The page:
We are who we decide we are

(published in The State, Columbia, SC 12/3/2006)

Is there any such thing as a Southern writer? Is there even a South to write about?

There are those who think the South is a place no longer apart, a region absorbed finally, like the fluid in a blister, back into the body politic we call America.

I am not among them.

I tend to take the question literally. The real South is my personal geography of mountains, piedmont and coastal plain, all stained by our dark particular natural and human history. This is the habitat of almost every poem and essay I write.

For this reason ” what I would call the undeniable fact of place ” the South exists as clearly as any other ground on the planet.

As a region, we have a climate, latitudes and altitudes. We have native plants and animals. Our mountains are rounded by millions of years of erosion and our rivers flow either to the Atlantic or the Gulf.

We are not merely a cultural construct, something to be fretted over by novelists nervous about their sales declining if they are labeled “Southern.”

The South is not merely a market region. It is an ancient collection of bioregions bounded by the limits of where kudzu winters over.

The Mason-Dixon line? That’s about where the Wisconsin glacier started retreating 15,000 years ago. Hilton Head? It was a barrier island long before it was a real-estate dream.

What I’m suggesting is that the more interesting question is ‘How do writers in the South define themselves?’ Hal Crowther, the universal-genius husband of novelist Lee Smith and author of such books as ‘Cathedrals of Kudzu’ and ‘Gather at the River’, says Southerners are a stubborn people and that we should never let anyone but ourselves define us or our region.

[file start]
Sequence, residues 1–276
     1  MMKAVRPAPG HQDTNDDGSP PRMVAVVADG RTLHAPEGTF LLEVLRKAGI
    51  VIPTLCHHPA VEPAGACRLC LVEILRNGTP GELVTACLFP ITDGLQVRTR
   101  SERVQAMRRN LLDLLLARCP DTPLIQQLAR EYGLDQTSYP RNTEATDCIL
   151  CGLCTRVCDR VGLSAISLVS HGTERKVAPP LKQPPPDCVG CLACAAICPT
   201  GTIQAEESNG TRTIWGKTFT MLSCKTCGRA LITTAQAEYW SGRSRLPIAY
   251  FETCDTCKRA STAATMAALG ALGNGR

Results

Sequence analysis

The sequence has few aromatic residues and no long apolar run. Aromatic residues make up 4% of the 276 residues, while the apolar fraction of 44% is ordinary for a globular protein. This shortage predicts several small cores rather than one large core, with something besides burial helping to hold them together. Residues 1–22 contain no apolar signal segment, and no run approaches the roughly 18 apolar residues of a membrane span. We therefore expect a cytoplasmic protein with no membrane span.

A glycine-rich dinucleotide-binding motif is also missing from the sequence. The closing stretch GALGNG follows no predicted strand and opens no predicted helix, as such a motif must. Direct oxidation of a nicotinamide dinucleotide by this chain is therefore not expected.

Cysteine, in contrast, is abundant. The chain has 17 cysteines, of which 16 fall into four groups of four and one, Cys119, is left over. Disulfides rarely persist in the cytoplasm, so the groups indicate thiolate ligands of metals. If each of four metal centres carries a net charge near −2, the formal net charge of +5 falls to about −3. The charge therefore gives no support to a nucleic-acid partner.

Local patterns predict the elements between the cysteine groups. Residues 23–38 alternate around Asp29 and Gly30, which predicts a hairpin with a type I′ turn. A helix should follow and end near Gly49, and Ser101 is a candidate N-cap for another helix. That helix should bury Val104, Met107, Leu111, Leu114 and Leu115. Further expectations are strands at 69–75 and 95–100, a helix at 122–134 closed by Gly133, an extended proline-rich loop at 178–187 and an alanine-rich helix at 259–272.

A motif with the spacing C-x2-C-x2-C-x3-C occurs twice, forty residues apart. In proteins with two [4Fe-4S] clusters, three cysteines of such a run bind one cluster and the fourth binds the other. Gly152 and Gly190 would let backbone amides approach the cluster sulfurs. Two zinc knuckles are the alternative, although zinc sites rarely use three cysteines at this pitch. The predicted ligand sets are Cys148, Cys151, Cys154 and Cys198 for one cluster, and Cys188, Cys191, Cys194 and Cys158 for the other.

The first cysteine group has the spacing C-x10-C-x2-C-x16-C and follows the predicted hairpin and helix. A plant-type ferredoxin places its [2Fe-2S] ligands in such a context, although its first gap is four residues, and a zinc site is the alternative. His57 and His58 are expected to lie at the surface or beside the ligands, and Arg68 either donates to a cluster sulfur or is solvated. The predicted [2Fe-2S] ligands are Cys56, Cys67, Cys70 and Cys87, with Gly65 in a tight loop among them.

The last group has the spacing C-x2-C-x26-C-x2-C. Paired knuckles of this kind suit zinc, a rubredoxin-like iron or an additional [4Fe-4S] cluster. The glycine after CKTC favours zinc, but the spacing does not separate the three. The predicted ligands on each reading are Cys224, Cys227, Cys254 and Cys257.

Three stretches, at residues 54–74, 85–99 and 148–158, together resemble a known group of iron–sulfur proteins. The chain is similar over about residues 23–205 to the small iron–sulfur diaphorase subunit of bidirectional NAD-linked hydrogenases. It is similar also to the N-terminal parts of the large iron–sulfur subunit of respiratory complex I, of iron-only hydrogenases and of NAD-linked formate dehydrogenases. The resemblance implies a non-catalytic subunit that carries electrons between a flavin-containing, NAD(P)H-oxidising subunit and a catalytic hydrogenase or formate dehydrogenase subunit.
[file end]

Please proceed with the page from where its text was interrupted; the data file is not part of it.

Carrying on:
In his essay ‘The Tao of Dixie’, Crowther tells about ‘Good Ol’ Girls’, a stage collaboration among novelists Smith, her friend Jill McCorkle and Nashville songwriters Matraca Berg and Marshall Chapman.

When the show left North Carolina and opened in New York, the “Broadway big shots”thought it wasn’t “Southern enough.” Crowther explains that the producers in New York wanted every good old girl to be Mammy Yokum.

The women created for the show were “too pretty, too smart, too normal.” New York wanted “four grits-eating grannies with big hair, bad teeth and banjoes.”

I know about banjoes. My latest book was about the Chattooga, the river James Dickey’s novel ‘Deliverance’ was filmed on. New York didn’t want my book. They said it was too regional a story.

I would never argue there is no South, but I believe the definitions drawn by others outside our borders are always much too narrow.

My ideal readers have seen ‘Deliverance’ and recognize someone they know among the Atlanta adventurers or the mountainpeople who assault them, maybe both.

I write with this double South ‘Deliverance’ and ‘Good Ol Girl’  mind.

So we Southern writers must take our own stand: Our genetic material might be from Aldo Leopold as well as Erskine Caldwell.

We are Starbucks as well as the vanishing country store.

We can trade in our corn whiskey for lattes, eat sushi instead of cornbread, and the South will still survive.

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